by Ionut Rosca, Behaviour Planner at g7 Romania
Brand loyalty has been on everyone’s lips these past years, with some voices prophesizing a sense of impending doom in response to profound cultural shifts and to the ongoing digital disruption of the consumer journey. Dying or not, there is a general consensus that the never-ending proliferation of brands, the rapid rise of private labels and the steep price competitiveness generated by brands with little, if any, effective differentiation are wearing loyalty down.
This is big news for marketers and advertisers. Loyalty matters. This goes without saying for any customer centric business model, as loyalty saves costs, generates greater sales and creates an entry barrier for the competition by making consumers less sensitive to their marketing efforts. By cause of necessary consequence, brands are responding by creating loyalty programs, but so is everyone else, flooding the market with overchoice and that means many of these programs will seldomly be used or deliver meaningful and distinctive interactions.
So, if loyalty programs fail to deliver, it’s gloves off for marketers and time to return to oldest play in the book: promotions and discounts. This tactic has been an all-time marketing favourite, a double-edged tactic which uses better value for money as the argument to loyalize existing customers and to prompt others to switch. But what happens to loyalty when all players in a category start using this scheme?
To find out we conducted an inhouse loyalty research on the Romanian household care category, which had reported the largest share of promotions in 2017. We used a simple conceptual framework, defining loyalty as a biased positive attitude toward a brand or product triggered by satisfaction and measured empirically by repeated purchase over a given period of time.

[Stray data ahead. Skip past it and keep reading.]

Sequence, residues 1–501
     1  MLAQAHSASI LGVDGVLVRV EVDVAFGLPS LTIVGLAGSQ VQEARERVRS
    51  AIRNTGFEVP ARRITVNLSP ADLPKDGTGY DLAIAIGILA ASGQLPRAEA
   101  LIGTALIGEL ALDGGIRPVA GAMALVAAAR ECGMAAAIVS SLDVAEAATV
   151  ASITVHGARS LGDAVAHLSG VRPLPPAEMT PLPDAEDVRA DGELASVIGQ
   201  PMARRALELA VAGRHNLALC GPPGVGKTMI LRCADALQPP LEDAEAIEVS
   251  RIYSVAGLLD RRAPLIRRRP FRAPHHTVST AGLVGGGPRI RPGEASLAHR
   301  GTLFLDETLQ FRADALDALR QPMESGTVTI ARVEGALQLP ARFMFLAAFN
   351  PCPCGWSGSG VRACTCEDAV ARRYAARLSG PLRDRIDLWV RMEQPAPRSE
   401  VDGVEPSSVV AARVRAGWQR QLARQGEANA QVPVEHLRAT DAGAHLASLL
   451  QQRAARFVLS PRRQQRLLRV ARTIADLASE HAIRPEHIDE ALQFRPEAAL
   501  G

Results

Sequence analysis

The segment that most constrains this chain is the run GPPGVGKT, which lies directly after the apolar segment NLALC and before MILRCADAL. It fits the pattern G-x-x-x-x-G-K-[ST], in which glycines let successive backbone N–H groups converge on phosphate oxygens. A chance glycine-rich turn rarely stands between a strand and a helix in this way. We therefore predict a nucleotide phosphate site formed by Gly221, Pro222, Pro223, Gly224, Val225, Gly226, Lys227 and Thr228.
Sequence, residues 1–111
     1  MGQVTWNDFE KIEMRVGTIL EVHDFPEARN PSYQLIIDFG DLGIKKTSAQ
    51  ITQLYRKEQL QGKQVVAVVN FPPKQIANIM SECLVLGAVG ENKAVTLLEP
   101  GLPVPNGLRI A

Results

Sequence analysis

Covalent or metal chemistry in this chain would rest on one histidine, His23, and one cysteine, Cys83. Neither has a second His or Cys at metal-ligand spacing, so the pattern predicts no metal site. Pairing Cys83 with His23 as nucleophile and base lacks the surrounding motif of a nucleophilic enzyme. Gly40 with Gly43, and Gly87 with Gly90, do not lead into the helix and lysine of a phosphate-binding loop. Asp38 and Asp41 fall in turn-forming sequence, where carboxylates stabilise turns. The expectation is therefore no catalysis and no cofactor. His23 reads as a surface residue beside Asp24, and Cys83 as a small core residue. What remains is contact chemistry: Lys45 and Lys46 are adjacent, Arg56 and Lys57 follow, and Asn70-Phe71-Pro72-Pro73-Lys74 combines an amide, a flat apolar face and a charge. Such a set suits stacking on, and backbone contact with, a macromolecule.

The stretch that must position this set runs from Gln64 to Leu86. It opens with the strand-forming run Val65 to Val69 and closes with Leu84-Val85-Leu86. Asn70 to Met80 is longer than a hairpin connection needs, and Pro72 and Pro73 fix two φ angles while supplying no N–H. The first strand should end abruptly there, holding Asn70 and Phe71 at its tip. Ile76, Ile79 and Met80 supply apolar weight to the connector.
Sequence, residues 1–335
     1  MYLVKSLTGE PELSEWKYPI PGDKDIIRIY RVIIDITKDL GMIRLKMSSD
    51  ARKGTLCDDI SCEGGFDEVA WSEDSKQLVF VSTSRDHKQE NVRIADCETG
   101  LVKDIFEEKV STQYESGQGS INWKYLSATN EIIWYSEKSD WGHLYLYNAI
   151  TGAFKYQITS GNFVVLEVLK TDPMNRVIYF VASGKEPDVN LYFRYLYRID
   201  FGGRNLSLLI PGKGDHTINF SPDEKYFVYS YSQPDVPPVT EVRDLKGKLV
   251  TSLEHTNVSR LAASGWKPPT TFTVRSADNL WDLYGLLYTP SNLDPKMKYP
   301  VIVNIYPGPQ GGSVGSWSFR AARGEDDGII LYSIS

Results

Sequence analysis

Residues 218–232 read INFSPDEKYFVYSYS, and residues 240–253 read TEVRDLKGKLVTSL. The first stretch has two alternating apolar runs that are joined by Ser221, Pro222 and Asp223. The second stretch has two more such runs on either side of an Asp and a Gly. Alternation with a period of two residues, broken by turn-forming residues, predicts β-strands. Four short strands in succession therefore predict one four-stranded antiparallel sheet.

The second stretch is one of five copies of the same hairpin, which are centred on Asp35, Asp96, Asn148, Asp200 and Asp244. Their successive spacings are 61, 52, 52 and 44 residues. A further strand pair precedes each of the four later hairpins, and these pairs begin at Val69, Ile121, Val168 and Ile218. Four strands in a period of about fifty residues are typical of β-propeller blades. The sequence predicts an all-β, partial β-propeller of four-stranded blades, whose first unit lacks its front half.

Our data shows that the brands included in our research have an average share of 40% loyal consumers, which bought their brand of choice over a period of six months, while the remaining percentage switched between two or three brands in this period. What is really interesting in this category, where all players are cutting prices, is that switchers are not making bargains in terms of value versus satisfaction, as their levels of satisfaction were strikingly similar for all the brands in their consideration set.
The FMCG industry is notorious for its low levels of consumer involvement generated and this is doubled by short shopping cycles that allow consumers to experiment with brands all the time. When an environment of constant aggressive discounts is added to the equation what this does is corner loyalty even more.
Frequent discounts will make loyal consumers less loyal as they will begin to question the real price of their brand of choice, which is exactly what loyalty is supposed to counter, while switchers will be prompted to shop smart, by building a repertoire of brands that deliver similarly functional benefits and that are always available at the best prices on the market.
The effect of discounts over loyalty is nothing new. It has been researched since the 80s, with results similar to the ones mentioned earlier on, yet brands continue to apply the same tactics to this day, in response to a snowball effect of disruption and lack of optimal distinctiveness and despite the multitude of research-proven options for building consideration and loyalty.
I won’t call upon using the same tactics and expecting different results, instead I will resort to a quaint rule of thumb which precedes what we call marketing today:
Fidelity purchased with money, money can destroy”- Seneca.